A previously untapped resource is tidal or ocean power, which utilises kinetic energy of marine wave movement to power turbines (in contrast, conventional hydropower relies on the potential energy of water stored in a reservoir). While tidal energy technology harnesses an unlimited resource, its deployment has been limited by high costs for initial capital investment. Nonetheless, cost issues have not deterred some countries like South Korea from attempting to utilise it. Only recently, Seoul unveiled its first tidal power plant in Jindo, on the country’s south-western coast. According to the Korean Ministry of Land, Transport and Maritime Affairs, this US$9.9 million plant would provide a 90MW generating capacity by 2013, sufficient for about 46,000 households. Even more ambitiously, South Korea is tipped to build what is acclaimed to be the world’s largest tidal power plant in Incheon Bay on its west coast, starting in 2011 and due to be completed in 2017. It has run into opposition however, as local civic groups have been campaigning against the massive project claiming that it could damage the marine ecosystem of the area.

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‘Renewables Renaissance’ in East Asia?

Alternative energy has indeed emerged as one of the cornerstones of East Asian strategy towards sustainable development, and serves as a primary solution to the problem of ‘3Es’. From the survey of alternative energy developments, split along two prongs of analysis – nuclear and RE sources – one can conclude the following:

First, saying that a ‘nuclear renaissance is occurring in Asia’ may be exaggerated, due to the lack of uniformity in nuclear development across the region. More progress has been met in Northeast Asia, though countries in that sub-region are merely expanding their already substantial nuclear energy industry.

Southeast Asia, a focal point of the ‘nuclear renaissance’ debate, has had limited progress. With the exception of Vietnam, on the whole Southeast Asia’s nuclear energy future remains clouded in uncertainty, due to the prevailing domestic political wrangling over the environment, costs and safety grounds, as well as lack of concrete policy blueprints that set out clear directions for nuclear power development in the remaining Southeast Asian nuclear aspirants. As such, any generalisation of progress in nuclear power advancement in the region is untenable.

Second, it could be argued that RE prospects appear to be promising, given the magnitude of investments for this sector. This might not come as a surprise, as most, if not all, RE sources are considered less risky, environmentally and politically, than nuclear power. The key mitigating factors remain technological and financial challenges. Nonetheless, it would seem that East Asian countries are determined to overcome these barriers. As such, a ‘renewables renaissance’ appears to be more applicable to East Asia.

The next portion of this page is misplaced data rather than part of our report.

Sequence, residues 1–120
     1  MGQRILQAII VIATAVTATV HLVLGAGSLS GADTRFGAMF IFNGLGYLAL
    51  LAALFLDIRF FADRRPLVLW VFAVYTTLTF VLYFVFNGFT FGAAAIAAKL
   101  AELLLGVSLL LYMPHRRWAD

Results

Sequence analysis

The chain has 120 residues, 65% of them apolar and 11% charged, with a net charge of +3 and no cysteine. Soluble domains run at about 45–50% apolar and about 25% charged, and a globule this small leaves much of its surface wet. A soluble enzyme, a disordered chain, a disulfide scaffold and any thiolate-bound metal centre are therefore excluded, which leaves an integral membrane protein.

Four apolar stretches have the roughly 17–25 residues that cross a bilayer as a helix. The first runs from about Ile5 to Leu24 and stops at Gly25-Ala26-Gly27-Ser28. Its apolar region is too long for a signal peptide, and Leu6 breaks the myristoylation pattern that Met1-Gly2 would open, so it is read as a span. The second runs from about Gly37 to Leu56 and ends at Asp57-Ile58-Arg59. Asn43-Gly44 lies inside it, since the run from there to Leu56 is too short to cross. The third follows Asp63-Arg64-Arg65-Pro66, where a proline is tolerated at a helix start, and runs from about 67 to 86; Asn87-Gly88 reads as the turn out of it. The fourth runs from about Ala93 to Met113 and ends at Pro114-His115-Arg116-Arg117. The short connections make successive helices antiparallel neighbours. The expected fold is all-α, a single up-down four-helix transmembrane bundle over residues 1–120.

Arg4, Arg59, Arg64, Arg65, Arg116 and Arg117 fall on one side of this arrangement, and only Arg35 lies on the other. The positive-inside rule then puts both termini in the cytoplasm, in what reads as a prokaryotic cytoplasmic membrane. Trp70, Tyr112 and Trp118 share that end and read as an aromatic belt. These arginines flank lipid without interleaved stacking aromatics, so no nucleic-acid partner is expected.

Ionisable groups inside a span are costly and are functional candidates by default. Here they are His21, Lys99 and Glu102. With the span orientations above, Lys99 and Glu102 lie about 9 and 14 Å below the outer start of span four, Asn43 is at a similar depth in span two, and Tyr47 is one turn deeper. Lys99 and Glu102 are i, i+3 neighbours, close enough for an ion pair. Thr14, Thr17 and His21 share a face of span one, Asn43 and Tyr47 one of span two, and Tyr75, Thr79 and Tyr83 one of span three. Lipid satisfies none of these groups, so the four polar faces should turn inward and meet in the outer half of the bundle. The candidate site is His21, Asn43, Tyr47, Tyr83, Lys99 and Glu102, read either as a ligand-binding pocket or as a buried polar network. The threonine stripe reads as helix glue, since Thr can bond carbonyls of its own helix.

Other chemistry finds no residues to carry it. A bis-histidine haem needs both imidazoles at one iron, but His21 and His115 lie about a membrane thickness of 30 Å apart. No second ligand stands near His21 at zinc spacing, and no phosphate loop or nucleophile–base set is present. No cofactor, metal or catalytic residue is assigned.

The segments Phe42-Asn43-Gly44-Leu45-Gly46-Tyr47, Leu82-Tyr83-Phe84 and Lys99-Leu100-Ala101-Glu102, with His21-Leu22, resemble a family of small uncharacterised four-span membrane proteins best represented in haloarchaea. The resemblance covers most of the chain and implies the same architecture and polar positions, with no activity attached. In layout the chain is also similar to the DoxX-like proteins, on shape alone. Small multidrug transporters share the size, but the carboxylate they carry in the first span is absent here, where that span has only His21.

That being said, however, overcoming technical and financial hurdles do not guarantee the success or mainstreaming of RE technologies. Well-conceived policy frameworks are essential for integrating RE technologies in a country’s energy security strategy. Policymakers must optimise existing technologies at their disposal to the most suitable applications.

Going further, Part Two of this month’s NTS Alert will examine policy frameworks adopted by five selected East Asian countries in the field of alternative energy developments. By doing so, the NTS Alert hopes to examine how policymakers intend to harness the technologies and resources at their disposal in the context of a debated ‘nuclear renaissance’ in East Asia.

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About the Centre:

The Centre for NTS Studies of the S. Rajaratnam School of International Studies, was inaugurated by the Association of Southeast Asian Nations (ASEAN) Secretary-General Dr Surin Pitsuwan in May 2008. The Centre maintains research in the fields of Climate Change, Energy Security, Health Security, as well as Internal and Cross Border Conflict. It produces policy-relevant analyses aimed at furthering awareness and building capacity to address NTS issues and challenges in the Asia Pacific region and beyond. The Centre also provides a platform for scholars and policymakers within and outside Asia to discuss and analyse NTS issues in the region.

In 2009, the Centre was chosen by the MacArthur Foundation as a lead institution for the MacArthur Asia Security Initiative, to develop policy research capacity and recommend policies on the critical security challenges facing the Asia-Pacific.

The Centre is also a founding member and the Secretariat for the Consortium of Non-Traditional Security (NTS) Studies in Asia (NTS-Asia). More information on the Centre can be found at www.rsis.edu.sg/nts